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A Day on the Bay

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On one of San Diego’s many glorious sun-filled days, one of the best ways to experience its beauty is to follow the lead of the locals and get out onto the water. If you don’t own your own nautical vessel, not to worry, a two-hour Hornblower Harbor Cruise is a great option to enjoy the water and soak up some sun. Bring your sunglasses, a camera, binoculars and a windbreaker and head out for a day on the bay.

Start your morning with coffee and a bagel at Brickyard Coffee & Tea. Located on G and Kettner Boulevard, this coffee shop is about half a mile from the Hornblower ticket office and offers the perfect way to include a brisk morning walk before the cruise.

For a more substantial breakfast (and don’t worry, the harbor waters are calm enough to ensure you don’t lose it), try one of these close-by restaurants: Hash House-A-Go-Go in Hillcrest or Hob Nob Hill on Banker’s Hill. Both are renowned for their breakfasts and a treat to visit early in the morning.

Next, head to Harbor Drive, where you will find the Hornblower ticket booth and boat slip. Once on board, explore the two levels of the ship, buy some coffee, or relax on the bow where there is ample seating. The top level is enclosed, quiet and offers lots of tables and chairs. The outside upper deck is very scenic, but can be a bit windy, while the lower deck is less exposed to the elements. The windows are spotless, so staying inside guarantees a great view.

Upon departure, the boat will offer a blast of the horn (‘Hornblower’ Cruises indeed) and, if you are outside at this moment–beware. As the boat pulls away from the quay in what is called Chowder Cove, ogle the mammoth cruise ships that are always parked in the harbor. On the north side of the ship check out the Star of India: an 1863 sailing ship that has survived hurricanes, mutinies and groundings, which has now come to rest as a part of the San Diego Maritime Museum. Also in view is the HMS Surprise (upon which the film Master and Commander was shot), a 1972 Cold War-era Russian submarine that nearly surfaced in this harbor underneath the U.S.S. Midway aircraft carrier, and a classic river steamboat.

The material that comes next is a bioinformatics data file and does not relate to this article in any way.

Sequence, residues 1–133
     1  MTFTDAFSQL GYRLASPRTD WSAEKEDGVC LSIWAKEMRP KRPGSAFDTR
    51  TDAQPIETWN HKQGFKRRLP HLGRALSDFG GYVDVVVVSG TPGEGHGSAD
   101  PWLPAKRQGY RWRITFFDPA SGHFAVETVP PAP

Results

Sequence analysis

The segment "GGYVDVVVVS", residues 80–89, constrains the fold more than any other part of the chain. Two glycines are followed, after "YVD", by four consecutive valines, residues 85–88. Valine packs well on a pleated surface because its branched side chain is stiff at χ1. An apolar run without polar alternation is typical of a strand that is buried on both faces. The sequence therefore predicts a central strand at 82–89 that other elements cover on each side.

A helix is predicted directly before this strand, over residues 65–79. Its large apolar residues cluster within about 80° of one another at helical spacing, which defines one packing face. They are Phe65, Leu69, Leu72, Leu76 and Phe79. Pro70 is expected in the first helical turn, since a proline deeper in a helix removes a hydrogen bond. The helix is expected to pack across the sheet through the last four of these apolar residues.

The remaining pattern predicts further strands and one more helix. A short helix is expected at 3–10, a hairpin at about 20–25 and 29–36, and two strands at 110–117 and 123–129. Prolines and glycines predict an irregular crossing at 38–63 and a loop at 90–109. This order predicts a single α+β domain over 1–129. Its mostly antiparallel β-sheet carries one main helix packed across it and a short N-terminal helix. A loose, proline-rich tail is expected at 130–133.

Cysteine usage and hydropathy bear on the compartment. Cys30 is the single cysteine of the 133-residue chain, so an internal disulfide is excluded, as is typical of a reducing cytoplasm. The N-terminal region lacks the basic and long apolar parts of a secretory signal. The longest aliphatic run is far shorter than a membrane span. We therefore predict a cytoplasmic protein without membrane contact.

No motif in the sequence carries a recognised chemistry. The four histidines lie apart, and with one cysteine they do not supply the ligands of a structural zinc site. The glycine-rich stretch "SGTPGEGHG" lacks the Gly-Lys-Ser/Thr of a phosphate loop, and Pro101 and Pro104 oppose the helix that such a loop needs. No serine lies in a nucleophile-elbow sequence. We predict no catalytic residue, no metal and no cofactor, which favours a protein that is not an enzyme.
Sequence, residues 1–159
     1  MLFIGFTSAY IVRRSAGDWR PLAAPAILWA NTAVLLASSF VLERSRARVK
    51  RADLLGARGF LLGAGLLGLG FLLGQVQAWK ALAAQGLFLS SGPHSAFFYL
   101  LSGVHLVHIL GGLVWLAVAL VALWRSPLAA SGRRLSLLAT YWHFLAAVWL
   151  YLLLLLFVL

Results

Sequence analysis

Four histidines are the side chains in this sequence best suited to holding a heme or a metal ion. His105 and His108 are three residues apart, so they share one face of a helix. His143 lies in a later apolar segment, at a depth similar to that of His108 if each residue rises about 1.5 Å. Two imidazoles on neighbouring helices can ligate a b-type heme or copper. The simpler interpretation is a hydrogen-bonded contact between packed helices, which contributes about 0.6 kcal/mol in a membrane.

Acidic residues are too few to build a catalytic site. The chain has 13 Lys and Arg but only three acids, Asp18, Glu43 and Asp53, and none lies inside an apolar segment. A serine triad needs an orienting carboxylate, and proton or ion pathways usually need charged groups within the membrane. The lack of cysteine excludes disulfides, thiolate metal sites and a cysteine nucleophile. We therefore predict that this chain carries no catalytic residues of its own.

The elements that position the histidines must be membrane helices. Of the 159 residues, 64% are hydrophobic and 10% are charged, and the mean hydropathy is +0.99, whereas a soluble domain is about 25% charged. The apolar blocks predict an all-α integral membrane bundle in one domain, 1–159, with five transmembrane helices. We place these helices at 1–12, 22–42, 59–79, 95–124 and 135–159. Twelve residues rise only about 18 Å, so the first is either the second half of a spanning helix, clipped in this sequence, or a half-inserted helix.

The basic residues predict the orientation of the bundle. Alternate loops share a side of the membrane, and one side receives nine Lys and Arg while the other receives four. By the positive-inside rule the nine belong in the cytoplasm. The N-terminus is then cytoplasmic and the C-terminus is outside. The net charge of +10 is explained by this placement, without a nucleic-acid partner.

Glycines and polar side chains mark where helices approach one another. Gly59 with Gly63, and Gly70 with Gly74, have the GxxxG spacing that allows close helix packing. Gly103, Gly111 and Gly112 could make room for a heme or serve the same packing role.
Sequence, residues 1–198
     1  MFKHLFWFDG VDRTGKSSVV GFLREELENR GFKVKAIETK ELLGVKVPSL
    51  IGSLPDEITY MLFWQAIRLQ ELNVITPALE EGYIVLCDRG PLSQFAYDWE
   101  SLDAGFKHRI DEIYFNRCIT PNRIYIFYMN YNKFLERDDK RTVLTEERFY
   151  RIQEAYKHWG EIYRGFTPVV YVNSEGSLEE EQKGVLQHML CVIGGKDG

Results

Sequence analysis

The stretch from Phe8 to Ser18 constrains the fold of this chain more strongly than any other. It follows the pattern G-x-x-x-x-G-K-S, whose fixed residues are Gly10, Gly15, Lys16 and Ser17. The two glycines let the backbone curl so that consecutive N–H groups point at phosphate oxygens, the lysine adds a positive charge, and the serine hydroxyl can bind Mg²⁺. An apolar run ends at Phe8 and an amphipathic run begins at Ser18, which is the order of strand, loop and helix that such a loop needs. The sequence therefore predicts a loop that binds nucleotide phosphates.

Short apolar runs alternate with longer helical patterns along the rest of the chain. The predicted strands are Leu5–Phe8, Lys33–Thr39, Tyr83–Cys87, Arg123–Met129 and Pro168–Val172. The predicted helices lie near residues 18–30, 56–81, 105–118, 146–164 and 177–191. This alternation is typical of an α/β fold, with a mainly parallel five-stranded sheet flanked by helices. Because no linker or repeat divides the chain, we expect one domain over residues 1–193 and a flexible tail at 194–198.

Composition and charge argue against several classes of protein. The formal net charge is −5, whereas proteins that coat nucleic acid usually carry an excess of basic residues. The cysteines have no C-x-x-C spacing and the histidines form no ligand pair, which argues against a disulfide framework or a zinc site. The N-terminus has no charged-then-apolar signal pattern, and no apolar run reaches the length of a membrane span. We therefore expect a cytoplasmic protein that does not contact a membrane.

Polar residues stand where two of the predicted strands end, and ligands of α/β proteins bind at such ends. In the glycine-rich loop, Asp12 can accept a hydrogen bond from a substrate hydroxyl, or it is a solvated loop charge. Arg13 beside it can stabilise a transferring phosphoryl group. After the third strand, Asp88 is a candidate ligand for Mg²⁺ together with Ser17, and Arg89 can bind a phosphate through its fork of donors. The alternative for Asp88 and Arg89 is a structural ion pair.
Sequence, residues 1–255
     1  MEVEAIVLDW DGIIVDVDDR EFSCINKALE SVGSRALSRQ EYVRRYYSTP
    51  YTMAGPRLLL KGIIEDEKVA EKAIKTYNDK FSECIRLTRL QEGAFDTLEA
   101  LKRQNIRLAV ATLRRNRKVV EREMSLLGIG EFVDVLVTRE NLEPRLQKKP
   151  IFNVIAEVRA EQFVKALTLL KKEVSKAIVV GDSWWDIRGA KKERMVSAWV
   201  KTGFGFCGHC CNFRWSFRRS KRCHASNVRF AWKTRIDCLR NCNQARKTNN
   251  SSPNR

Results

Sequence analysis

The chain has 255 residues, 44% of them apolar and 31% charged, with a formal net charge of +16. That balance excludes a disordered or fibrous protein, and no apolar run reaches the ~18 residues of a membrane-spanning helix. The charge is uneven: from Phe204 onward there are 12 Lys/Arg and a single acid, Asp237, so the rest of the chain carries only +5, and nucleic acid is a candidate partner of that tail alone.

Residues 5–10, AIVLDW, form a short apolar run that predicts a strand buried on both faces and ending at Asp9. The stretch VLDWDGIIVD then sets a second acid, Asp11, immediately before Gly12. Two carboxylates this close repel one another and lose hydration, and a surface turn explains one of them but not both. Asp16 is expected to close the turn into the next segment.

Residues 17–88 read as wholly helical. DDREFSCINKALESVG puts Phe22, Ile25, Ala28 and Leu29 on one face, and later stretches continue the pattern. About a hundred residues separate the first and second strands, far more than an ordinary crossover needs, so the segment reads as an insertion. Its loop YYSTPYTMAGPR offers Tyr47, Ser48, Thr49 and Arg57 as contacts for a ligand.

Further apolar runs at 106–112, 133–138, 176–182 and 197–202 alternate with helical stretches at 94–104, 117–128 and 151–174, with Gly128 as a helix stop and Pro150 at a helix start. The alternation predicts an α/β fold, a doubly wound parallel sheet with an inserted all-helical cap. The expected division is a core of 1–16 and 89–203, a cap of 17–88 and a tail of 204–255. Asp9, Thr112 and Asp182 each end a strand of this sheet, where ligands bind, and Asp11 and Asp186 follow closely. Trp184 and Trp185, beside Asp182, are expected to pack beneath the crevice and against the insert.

The two-hour tour travels to the mouth of the harbor near Point Loma where sea lions are found bathing in the sun, and then down the southern finger of the harbor, while the one-hour tours focus on one part of the harbor or the other.

On the way to Point Loma on the north leg of the tour, the captain will point out a large bait barge where a group of sea lions love to lounge. It’s said that these playful bewhiskered animals are sometimes mistaken for dolphins when they “porpoise,” or jump out of the water, but at this point in the San Diego Harbor, you will most likely to see them basking in the plentiful sunshine.

This is where the explorer who founded San Diego, Jose Cabrillo, sailed into the harbor during his explorations of the West Coast. The harbor is so vast however, that he sailed southward into it and lost his way, grounding his ship several times before turning around and leaving. His biggest blunder was assuming that the southern tip of the San Diego Harbor was a secret water-passage to the Atlantic Ocean.

As the cruise continues it will pull up just before the mouth of the harbor lets out to the open sea and then head back to Chowder Cove. This is a great time to soak in the view and feel the wind at the bow as you head into drop off the one-hour North Bay passengers and pick up the South Bay passengers. From here the ship will head quite south indeed, so far that you can spy the hills of Tijuana only eight to ten miles away.

If you are a fan of naval ships, you are in for a treat as you come upon the U.S.S. Midway, a docked aircraft carrier now permanently open for public tours. You will also pass the ferry station on Coronado and underneath the impressive Coronado Bridge. Originally, the bridge was mapped out to be 1.8 miles long, but when the planners discovered that all bridges over 2 miles receive government funding, the original plans were scrapped. The bridge now boasts a long 85-degree S-curve in the middle, making it just over 2.1 miles long.